That area of town is called Intown? Commonly? And what exactly is a charrette? From the Architecture Archives site: The term charette (apparently, the French prefer one "r") evolved from a pre-1900 exercise at the Ecole des Beaux Arts in France. Architectural students were given a design problem to solve within an allotted time. When that time was up, the students would rush their drawings from the studio to the Ecole in a cart called a charrette. Students often jumped in the cart to finish drawings on the way. The term evolved to refer to the intense design exercise itself. Today it refers to a creative process akin to visual brainstorming that is used by design professionals to develop solutions to a design problem within a limited timeframe.
Well, that clears that up.
Pretty soft, for those working on a show called Hardball, if you ask us. From the show's official blog, "Hardblogger," regarding Chris Matthews' time here for the Southern Republican Leadership Conference:
Drinkin and politickin' (Mark Murray, NBC News Political Reporter): Who says drinkin and politickin dont mixespecially here in the South? Its exactly 3:00 p.m. Memphis time and the bar here in the lobby of The Peabody is packed with people sipping cosmopolitans, wine, beers, and mixed drinks. Which brings us to this question: Are the speeches so far that tedious?
Ah, Mark, not to worry. There are things much stranger than hard drinking at 3 p.m. From the show's producer comes this entertaining little nugget: It's hard out here for a duck: Duck Watch: Day Two (Shelby Poduch, Hardball Producer) It was a big Friday night in Memphis, and after a day full of SRLC happenings, the parties have started and one burning question still looms: What's going on with the ducks? Turns out they were spending Friday night the same way as many of the conference goers: just chilling out. My search took me to the roof of the historic hotel, to a place known as "The Royal Duck Palace." No, seriously, "The Royal Duck Palace."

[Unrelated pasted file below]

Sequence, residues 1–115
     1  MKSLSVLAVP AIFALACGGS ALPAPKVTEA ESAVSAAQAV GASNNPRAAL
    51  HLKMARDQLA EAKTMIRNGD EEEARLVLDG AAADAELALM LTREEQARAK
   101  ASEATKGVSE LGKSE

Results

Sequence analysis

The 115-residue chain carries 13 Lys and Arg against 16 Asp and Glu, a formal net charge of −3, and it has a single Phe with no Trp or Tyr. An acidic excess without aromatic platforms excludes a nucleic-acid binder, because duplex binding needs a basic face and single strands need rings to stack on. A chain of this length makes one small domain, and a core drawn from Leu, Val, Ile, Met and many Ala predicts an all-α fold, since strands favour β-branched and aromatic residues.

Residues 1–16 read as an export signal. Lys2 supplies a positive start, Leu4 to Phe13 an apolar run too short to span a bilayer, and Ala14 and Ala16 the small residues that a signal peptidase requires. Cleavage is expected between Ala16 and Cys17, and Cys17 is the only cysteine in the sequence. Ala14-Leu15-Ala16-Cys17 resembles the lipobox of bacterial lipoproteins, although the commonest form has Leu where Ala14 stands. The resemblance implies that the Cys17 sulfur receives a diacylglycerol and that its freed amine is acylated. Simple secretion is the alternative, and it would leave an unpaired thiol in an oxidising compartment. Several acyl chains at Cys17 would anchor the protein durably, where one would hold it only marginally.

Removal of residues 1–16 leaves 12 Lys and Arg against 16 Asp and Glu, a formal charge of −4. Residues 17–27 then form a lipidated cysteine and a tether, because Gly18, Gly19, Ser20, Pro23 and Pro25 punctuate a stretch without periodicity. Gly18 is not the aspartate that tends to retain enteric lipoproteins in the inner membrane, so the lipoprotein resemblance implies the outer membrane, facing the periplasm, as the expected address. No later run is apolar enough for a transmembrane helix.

All work and no play makes for boring ducks, and no one likes a boring duck, so when theyre not busy marching or making appearances in the lobby fountain, the five ducks hang out here at the Palace. (Note to self: remind MTVs "Cribs" producers to stop by and check it out.) Were talking wading pool with spouting duck fountain, green grassy romping area, an actual Duck Palace (think very large dollhouse,) not to mention a giant mural painted behind the Palace. Unlike the unsavory characters Memphis natives Three 6 Mafia rap about, its not hard out here for a duck.
Only USA Todays Elysa Gardner seemed to like Ring of Fire, noting that the cast offers some of the best singing you're likely to hear on Broadway this season. Gardners compliments came at the expense of another Memphis icon whose musical tribute opened on Broadway in 2005. As anyone who suffered through last year's Elvis-themed karaoke contest All Shook Up could tell you, Gardner wrote, not all musical-theater voices are suited to rawer, rootsier material. Read more.
According to the Clarion Ledger, residents of Jackson, Mississippi, are getting antsy about the citys two-block Farish Street Entertainment District.